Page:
Whenever I go to Walmart or Stop & Shop, my natural reflex has become to toss a package of paper towels in the basket. And I can feel myself getting a little uneasy whenever the number of boxes of pasta in the pantry starts to dwindle.
Of course, we’re still in the middle of the pandemic. But given how much Americans bought in March and April, these continued big sales gains are only possible if, instead of being a transient phenomenon, stockpiling nonperishable goods, and replenishing them regularly, has become a habit for many American shoppers. That’s certainly my experience: Whenever I go to Walmart or Stop & Shop, my natural reflex has become to toss a package of paper towels in the basket. And I can feel myself getting a little uneasy whenever the number of boxes of pasta in the pantry starts to dwindle.
Now, it may well be true that we won’t have 60 rolls of toilet paper in our basements by next May. But the sales numbers and consumer surveys suggest that the new normal won’t look like the old one and that the impulse to keep a stockpile on hand isn’t going to go away when a vaccine arrives. And this is, arguably, a rational response to the pandemic.
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To begin with, one of the things that the advent of the pandemic underscored was the way that lean manufacturing has made the American economy more efficient at the expense of making it resilient in the face of crisis. Manufacturers, understandably, don’t want to maintain massive amounts of unused capacity on the off chance that a pandemic or other crisis will lead to a huge demand spike. Nor do retailers want to keep large amounts of inventory on hand, since that’s an inefficient use of capital. These are rational business decisions. But one consequence is that when demand does spike, shortages are likely.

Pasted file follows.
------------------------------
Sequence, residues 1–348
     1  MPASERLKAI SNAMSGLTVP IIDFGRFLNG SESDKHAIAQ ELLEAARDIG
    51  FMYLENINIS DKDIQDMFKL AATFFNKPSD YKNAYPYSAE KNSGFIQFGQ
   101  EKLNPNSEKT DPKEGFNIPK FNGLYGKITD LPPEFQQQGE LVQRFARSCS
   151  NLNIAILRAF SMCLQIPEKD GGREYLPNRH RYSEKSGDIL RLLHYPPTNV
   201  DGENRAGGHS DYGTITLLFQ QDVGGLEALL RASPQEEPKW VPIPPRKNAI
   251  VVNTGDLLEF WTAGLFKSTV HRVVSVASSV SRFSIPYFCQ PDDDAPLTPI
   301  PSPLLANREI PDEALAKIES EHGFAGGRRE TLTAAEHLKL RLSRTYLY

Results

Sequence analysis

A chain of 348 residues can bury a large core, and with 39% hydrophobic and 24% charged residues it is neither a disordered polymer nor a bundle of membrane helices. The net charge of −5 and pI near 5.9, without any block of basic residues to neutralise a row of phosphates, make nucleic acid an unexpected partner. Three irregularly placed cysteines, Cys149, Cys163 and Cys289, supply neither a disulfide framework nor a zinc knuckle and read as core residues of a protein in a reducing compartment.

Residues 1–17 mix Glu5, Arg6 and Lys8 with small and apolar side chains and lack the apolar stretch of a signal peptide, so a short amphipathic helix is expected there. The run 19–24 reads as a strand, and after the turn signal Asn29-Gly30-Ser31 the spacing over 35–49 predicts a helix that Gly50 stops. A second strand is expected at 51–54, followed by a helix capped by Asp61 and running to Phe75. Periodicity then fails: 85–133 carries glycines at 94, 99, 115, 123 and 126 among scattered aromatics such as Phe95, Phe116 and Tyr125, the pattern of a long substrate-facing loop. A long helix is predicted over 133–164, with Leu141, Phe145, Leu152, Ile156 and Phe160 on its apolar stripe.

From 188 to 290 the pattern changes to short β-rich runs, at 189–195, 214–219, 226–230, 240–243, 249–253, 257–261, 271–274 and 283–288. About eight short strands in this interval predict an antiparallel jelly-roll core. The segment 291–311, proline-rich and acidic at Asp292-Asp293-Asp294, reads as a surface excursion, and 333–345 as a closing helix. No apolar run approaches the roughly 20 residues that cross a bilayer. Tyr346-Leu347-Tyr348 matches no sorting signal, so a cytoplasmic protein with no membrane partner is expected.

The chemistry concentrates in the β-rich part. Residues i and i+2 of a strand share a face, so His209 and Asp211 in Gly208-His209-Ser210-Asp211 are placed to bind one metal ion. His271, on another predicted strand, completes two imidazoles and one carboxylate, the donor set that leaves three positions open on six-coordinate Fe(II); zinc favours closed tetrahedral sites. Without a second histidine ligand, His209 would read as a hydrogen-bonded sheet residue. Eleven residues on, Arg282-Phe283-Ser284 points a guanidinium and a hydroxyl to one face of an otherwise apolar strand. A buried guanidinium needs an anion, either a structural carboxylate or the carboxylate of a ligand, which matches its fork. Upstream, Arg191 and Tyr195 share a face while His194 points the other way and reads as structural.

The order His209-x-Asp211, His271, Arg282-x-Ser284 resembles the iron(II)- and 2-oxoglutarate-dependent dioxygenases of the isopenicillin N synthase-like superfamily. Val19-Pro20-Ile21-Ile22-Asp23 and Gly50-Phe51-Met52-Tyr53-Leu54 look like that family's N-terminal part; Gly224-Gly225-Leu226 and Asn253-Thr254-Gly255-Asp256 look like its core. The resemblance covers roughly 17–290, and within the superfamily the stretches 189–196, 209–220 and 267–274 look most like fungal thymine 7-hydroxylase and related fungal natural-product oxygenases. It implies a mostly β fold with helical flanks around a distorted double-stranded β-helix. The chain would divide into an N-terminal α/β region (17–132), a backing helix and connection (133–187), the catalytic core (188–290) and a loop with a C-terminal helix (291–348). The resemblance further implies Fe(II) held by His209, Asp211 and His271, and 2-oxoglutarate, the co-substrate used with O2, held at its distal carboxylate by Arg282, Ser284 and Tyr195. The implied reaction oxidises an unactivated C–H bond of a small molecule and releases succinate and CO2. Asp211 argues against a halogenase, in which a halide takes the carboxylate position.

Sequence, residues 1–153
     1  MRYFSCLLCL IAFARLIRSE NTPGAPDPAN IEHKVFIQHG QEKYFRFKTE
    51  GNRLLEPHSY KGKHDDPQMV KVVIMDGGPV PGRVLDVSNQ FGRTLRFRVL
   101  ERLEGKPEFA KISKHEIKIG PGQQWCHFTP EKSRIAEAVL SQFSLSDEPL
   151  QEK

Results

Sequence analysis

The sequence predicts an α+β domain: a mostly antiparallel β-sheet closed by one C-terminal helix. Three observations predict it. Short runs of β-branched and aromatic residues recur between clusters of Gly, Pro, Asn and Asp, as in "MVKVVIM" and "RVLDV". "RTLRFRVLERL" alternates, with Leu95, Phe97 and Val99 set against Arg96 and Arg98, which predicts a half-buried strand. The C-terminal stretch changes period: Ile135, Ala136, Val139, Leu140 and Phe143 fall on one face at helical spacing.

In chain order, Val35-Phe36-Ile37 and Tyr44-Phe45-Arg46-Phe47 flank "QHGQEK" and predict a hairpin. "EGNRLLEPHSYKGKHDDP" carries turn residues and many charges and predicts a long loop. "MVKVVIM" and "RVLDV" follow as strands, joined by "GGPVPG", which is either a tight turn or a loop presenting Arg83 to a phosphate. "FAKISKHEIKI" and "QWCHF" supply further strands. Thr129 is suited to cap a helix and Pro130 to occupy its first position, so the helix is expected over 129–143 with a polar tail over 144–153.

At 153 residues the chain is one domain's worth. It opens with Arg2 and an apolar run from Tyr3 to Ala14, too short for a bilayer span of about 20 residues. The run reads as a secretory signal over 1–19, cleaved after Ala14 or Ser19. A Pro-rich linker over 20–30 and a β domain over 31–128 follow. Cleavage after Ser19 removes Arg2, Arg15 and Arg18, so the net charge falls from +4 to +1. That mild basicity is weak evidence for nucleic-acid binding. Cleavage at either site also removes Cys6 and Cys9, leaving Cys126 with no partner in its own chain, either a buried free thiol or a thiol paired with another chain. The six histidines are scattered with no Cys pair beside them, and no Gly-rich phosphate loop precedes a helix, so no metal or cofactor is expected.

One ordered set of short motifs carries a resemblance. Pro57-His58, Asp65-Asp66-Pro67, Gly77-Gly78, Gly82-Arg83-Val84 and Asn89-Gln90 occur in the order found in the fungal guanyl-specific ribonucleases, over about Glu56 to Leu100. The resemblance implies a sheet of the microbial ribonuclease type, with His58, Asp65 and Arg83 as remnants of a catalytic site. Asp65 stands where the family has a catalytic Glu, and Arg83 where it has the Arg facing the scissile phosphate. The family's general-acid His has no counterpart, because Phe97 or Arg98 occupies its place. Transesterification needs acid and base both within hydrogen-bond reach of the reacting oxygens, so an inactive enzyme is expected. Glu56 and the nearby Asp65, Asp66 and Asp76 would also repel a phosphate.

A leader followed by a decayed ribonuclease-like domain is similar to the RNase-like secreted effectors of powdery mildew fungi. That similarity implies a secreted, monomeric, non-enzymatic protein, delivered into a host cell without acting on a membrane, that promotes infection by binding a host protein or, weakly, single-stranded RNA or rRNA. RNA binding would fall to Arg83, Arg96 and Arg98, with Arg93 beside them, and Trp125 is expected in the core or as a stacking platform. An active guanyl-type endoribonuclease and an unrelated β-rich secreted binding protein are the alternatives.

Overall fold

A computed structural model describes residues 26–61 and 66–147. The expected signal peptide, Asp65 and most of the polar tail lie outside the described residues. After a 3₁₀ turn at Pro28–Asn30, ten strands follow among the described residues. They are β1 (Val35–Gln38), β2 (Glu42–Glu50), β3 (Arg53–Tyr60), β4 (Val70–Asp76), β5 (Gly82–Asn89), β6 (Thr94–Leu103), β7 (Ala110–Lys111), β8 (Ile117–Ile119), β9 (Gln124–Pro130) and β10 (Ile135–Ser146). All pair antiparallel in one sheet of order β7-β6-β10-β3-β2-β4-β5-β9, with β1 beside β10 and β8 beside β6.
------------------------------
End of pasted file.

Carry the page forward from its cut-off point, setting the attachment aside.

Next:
Consumer capitalism, as exemplified by Walmart and Target and Amazon, has been built on the idea that they’ll always have what you want when you want. The pandemic disrupted that sense of certainty.
Consumer capitalism, as exemplified by Walmart and Target and Amazon, has been built on the idea that they’ll always have what you want when you want. The pandemic disrupted that sense of certainty. It reminded us that when everyone decides they need toilet paper, or Clorox, is when it’s most likely those things will be out of stock. In effect, we’d gotten used to letting Walmart store our paper towels for us, letting them sit there until we needed them. But maybe it makes more sense to store them ourselves (at least if you live somewhere other than a big city, where apartments are too small to do that).
One way of thinking about what this means is that consumers are extending their time horizons, and being more forward-looking when they shop. Studies of pre-pandemic consumer behavior found that American consumers, in general, had relatively short time horizons: Even when they bought in bulk, they tended to look out only a few weeks at most when shopping. Now, they’re looking out months. Of course, you could think of this as just a kind of long-term panic buying. But one person’s panic is another person’s preparation. And Americans are saying that as God as their witness, they’re never going to run out of toilet paper again.